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Scotland’s Signature Courses & Notable Short Holes That Shouldn’t Be Missed

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Golf in south west ScotlandSometimes it feels like there are more Golf courses in Scotland in people. This is where golf was born, and the Scottish passion for it is so intense that James II actually had to ban the game by an Act of Parliament in 1457. It didn’t work and now five and a half centuries later, there are 578 golf courses in the country.

Here are some key highlights for every traveller’s hit list:

Signature courses

  • Old Course, St. Andrews: This is the Mecca to which every golfer aspires to visit (and tee off, of course) at least once in his/her lifetime.
  • Muirfield: Located in Edinburgh, this is the home of the world’s oldest golf club. If there are no hidden dangers at St. Andrews, the opposite holds true here. Not because the dangers are hidden, but because they are in plain view for everyone to see. This course is the ultimate test for any golfer.
  • Trump Turnberry, Ailsa: Although it is famous for being where Jack Nicklaus and Tom Watson battled out their Duel in the Sun for the 1977 Open Championship, the views are exemplary and that’s what makes this 18-hole course a must-visit if you are ever in Scotland.
  • Royal Troon: The back nine holes are as demanding as in any championship golf course. Which is perhaps why it has been chosen to host the 2016 Open championship. It overlooks the sea, but the 18-hole course with its uneven dunes is intimidating rather than pleasing on the eyes. Is there any reason for you to come here? If you love a good, nay great, challenge, then definitely yes.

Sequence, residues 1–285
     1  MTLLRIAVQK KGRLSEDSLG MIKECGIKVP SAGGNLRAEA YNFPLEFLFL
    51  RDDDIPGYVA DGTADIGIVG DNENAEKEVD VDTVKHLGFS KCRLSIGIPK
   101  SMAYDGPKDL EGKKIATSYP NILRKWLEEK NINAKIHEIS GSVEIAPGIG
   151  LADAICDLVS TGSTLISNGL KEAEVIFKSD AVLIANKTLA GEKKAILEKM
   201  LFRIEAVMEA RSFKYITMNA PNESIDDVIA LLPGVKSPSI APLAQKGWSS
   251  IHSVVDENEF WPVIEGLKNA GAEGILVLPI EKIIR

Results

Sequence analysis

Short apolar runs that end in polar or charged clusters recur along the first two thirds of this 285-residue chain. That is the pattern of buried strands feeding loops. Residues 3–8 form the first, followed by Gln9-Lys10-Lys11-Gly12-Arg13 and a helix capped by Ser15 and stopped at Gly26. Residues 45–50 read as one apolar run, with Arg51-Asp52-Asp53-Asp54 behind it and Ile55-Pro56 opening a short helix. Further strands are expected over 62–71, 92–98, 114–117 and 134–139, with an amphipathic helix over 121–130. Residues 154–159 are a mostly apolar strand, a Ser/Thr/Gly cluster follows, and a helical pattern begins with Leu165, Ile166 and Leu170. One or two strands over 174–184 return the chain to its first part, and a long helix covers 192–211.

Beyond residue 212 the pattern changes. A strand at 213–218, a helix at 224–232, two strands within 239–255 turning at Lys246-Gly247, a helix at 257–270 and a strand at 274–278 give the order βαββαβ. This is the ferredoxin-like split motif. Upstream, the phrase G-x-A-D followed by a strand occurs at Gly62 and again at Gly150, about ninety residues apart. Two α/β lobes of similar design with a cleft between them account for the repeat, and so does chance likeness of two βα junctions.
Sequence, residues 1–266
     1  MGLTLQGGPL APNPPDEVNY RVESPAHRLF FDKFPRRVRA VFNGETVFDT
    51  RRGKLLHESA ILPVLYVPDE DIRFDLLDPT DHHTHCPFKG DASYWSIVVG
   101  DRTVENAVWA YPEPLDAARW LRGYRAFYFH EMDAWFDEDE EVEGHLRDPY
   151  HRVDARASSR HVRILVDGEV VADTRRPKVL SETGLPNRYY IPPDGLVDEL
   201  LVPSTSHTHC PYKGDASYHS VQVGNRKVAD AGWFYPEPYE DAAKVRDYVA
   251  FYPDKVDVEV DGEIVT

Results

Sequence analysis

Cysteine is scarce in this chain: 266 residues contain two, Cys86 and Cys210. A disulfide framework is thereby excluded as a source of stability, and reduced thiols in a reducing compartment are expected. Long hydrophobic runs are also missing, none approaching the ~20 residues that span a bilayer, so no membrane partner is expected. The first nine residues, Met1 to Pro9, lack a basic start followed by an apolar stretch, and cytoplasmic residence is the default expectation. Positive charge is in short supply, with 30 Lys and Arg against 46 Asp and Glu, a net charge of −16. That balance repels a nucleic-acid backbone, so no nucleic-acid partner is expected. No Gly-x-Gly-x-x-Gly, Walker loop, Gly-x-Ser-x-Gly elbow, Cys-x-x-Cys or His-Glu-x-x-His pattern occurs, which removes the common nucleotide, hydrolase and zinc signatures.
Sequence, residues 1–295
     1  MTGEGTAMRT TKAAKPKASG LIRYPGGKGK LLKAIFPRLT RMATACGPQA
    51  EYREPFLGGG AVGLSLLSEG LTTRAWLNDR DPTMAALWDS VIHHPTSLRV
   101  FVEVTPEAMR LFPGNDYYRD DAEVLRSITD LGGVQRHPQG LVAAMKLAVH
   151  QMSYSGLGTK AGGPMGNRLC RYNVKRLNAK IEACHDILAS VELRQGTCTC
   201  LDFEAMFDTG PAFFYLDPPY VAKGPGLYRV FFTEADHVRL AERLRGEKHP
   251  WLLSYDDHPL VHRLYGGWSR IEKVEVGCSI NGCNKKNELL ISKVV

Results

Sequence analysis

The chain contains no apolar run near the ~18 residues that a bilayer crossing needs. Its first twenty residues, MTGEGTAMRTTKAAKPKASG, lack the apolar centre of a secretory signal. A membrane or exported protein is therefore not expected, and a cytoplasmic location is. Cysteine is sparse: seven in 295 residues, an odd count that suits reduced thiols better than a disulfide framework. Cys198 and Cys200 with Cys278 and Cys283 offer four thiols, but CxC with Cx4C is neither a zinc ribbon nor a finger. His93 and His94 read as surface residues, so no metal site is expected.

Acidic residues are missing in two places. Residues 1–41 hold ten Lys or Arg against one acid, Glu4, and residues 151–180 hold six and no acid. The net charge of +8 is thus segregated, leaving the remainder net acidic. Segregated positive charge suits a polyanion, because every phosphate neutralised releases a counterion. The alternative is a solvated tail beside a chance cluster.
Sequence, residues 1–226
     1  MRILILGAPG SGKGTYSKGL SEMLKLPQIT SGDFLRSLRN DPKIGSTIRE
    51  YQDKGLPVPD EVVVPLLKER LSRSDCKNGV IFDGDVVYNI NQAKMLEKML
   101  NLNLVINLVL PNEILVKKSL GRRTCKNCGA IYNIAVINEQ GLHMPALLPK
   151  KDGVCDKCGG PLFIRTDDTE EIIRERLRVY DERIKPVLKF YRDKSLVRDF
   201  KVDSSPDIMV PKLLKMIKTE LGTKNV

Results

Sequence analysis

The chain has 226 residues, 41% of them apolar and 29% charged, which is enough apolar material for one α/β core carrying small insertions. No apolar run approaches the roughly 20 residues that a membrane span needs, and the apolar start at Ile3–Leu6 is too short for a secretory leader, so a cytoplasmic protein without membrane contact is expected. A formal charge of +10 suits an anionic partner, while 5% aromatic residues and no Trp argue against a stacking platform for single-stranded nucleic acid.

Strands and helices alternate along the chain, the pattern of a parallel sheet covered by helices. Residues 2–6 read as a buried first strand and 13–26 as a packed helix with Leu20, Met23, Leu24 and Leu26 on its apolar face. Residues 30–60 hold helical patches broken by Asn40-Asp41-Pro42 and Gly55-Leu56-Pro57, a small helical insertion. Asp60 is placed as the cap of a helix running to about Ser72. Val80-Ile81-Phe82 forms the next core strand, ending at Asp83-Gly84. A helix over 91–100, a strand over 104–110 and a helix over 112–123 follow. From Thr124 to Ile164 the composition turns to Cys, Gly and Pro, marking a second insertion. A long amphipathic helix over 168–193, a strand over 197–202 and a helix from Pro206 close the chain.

• Gleneagles: The 2014 Ryder Cup was hosted here on a PGA Centenary Course that was specially designed by Jack Nicklaus.
  • Carnoustie: It has hosted seven Open Championships, one Seniors Open and a Ladies Open. The view is great, no matter whichever time of the day you are teeing off (the experience is different at various times of the day), and the course is challenging enough for that perfect blend of leisure and sport.

Notable short holes in Scotland

  • The 4th at Cruden Bay: The name seems to lend itself rightly to the hole. ‘Crude’ is a very apt adjective that no one would disagree with.
  • Balgownie Links, Royal Aberdeen Golf Course: It was here in 1783 that the rule of allowing only five minutes to look for a lost ball was established. Good luck. You are going to need it if your ball gets lost in the modern-day course designed by James Braid. The finest of the first nine holes in golf can be found here.
  • Redan, North Berwick Golf Club: This is a hole which came into being after the sea receded. The ridges add to the challenge and it is doubtful that you would forget teeing off here.
  • Blair Atholl: There is the Blair Castle in the background, which gives you a feeling of how the game was played centuries ago.

For more information about Scotland’s courses, get in touch with us. We can tell you everything, down to the last hole, about every course. You can then choose at which courses/holes you would like to enjoy your game and we would be happy to put together a custom-designed Scottish golf tour that is just for you.